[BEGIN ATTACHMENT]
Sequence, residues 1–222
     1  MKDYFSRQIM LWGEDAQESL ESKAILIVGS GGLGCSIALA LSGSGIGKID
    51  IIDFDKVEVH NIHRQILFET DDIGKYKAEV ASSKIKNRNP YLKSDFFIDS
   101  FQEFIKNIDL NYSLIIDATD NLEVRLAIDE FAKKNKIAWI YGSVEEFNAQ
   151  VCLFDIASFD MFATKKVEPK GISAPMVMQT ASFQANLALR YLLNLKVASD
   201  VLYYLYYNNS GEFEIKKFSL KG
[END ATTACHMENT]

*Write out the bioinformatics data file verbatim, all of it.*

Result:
Sequence, residues 1–222
     1  MKDYFSRQIM LWGEDAQESL ESKAILIVGS GGLGCSIALA LSGSGIGKID
    51  IIDFDKVEVH NIHRQILFET DDIGKYKAEV ASSKIKNRNP YLKSDFFIDS
   101  FQEFIKNIDL NYSLIIDATD NLEVRLAIDE FAKKNKIAWI YGSVEEFNAQ
   151  VCLFDIASFD MFATKKVEPK GISAPMVMQT ASFQANLALR YLLNLKVASD
   201  VLYYLYYNNS GEFEIKKFSL KG